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2014 Ford Fiesta Review
  • Minimal understeer, Neutral handling
  • Jiggly ride, 5 month waiting list

by Carl B

For any enthusiast that has extensively cross-shopped performance cars below $40k, the Fiesta ST needs no introduction. The lovechild between Ford RS in Europe and North America’s Ford SVT represents the modern interpretation of the compact hot hatch. If its string of international podium victories from various head-to-head comparisons doesn’t convince you, then perhaps this review may prompt you to get behind the wheel.

I have always been a purist rear-wheel drive kind of guy that appreciates neutral handling with the ability to adjust corner trajectory via combinations of steering wheel angle, weight transfer and throttle application. So why have I decided to spend my own cash ($25,990 RRP) and buy a performance ‘wrong-wheel drive’ car? The problem with the majority of front-wheel drive cars is that they’re arguably one-dimensional in the way they perform when driven spiritedly. They generally plough into terminal understeer as the ‘enthusiastic’ driver approaches the car’s limits, thus dictating a rather monotonous ‘slow-in, fast-out’ driving style. However, repeat the same exercise with the ST and it simply takes it like a champ; no fuss, minimal body roll, very neutral execution.

So naturally, the ST’s neutrality invites its driver to explore more of its chassis. This is the part where petrolheads activate ‘sport mode’, brake later into corners and follow through with a little more panache. Ladies and gentlemen, this is where the magic happens. As the driver decelerates for a corner and initiates steering inputs, the ST’s torque vectoring system seamlessly engages, collaborating with the sport mode ESC to safely and subtly brake the inside wheels to instigate a sharper turn-in response. This is further augmented by the car’s short wheelbase and sub 1200kg kerb weight, which ultimately explains why the ST feels so neutral and resists understeer. The fact that it slices through corners effortlessly on modest 205/40/17 Bridgestone Potenza RE050 rubber further highlights the chassis’ capabilities.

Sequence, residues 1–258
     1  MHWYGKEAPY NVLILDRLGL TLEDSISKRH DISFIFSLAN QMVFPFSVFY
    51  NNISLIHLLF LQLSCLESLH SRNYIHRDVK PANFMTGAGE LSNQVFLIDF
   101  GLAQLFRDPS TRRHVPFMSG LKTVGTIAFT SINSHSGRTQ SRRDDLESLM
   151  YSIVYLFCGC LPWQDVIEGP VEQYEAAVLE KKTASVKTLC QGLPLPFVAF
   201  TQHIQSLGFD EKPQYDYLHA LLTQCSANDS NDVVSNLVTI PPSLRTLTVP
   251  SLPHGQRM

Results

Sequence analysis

The heart of the Fiesta ST beats a turbocharged 1.6L 4 cylinder engine. 147kw and 290nm of overboosted power and torque are the fruits of the little Ecoboost turbo spooling at a maximum of 21psi, enabling the ST to takedown the national speed limit in 6.9 seconds. Though these figures are unlikely to satisfy a boost junkie’s addiction, the powertrain generates adequate low-midrange torque to facilitate overtaking manoeuvres. Mild turbo lag exists south of 2300rpm, but pulls admirably to redline. Wide open throttle sprints are greeted with a nice, rorty induction noise which compliments the car’s pocket rocket character.

But what is the Fiesta ST like to live with in the real world, when you’re not dissecting corners or heel-toe downshifting? Well, to put it bluntly, the ST exhibits traits of the proverbial ‘double-edged sword’. A firm, jiggly ride quality can be attributed to its re-enforced chassis, torsion beam rear suspension and short wheelbase. Furthermore, noticeable amounts of NVH (Noise Vibration and Harshness) will be constantly competing with the car’s mediocre Sony sound system. Whilst we’re on the subject of comfort, the Recaro seats do an excellent job of securing your body from lateral motions and offer adequate support for both lumbar and thoracic regions.

Despite the cabin’s lack of ambience, Ford has not neglected the ‘basics’. Steering feel and weighting is well calibrated, rivalling the electric units from the 86/BRZ twins. The ST’s 6-speed manual gearbox is a delight to row, offering a slick, mechanical interface. Brakes are difficult to fault, demonstrating direct pedal feel and consistent stopping distances. Flat-foot tendencies aside, it’s still possible to achieve 7.7L/100km on a combined cycle. Servicing costs remain realistically affordable with capped price servicing starting from approximately $250. Whilst the Fiesta ST can legally seat 5 passengers, full capacity should only be attempted on desperate occasions. Boot space remains acceptable for its class, as long as you aren’t a VIP member at Bunnings.

The Ford Fiesta ST represents the modern interpretation of the compact hot hatch. The neutrality of its chassis and rorty Ecoboost engine dominates the experience. However, it’s worth emphasising the ST’s limitations in relation to comfort, passenger accommodation and practicality. Ironically, it is these very limitations that have persuaded me to part ways with my Fiesta ST after 10 months of ownership. How’s that for a twist? Sorry Fiesta ST, it’s not you, it’s me…

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2014 Ford Fiesta Review Review
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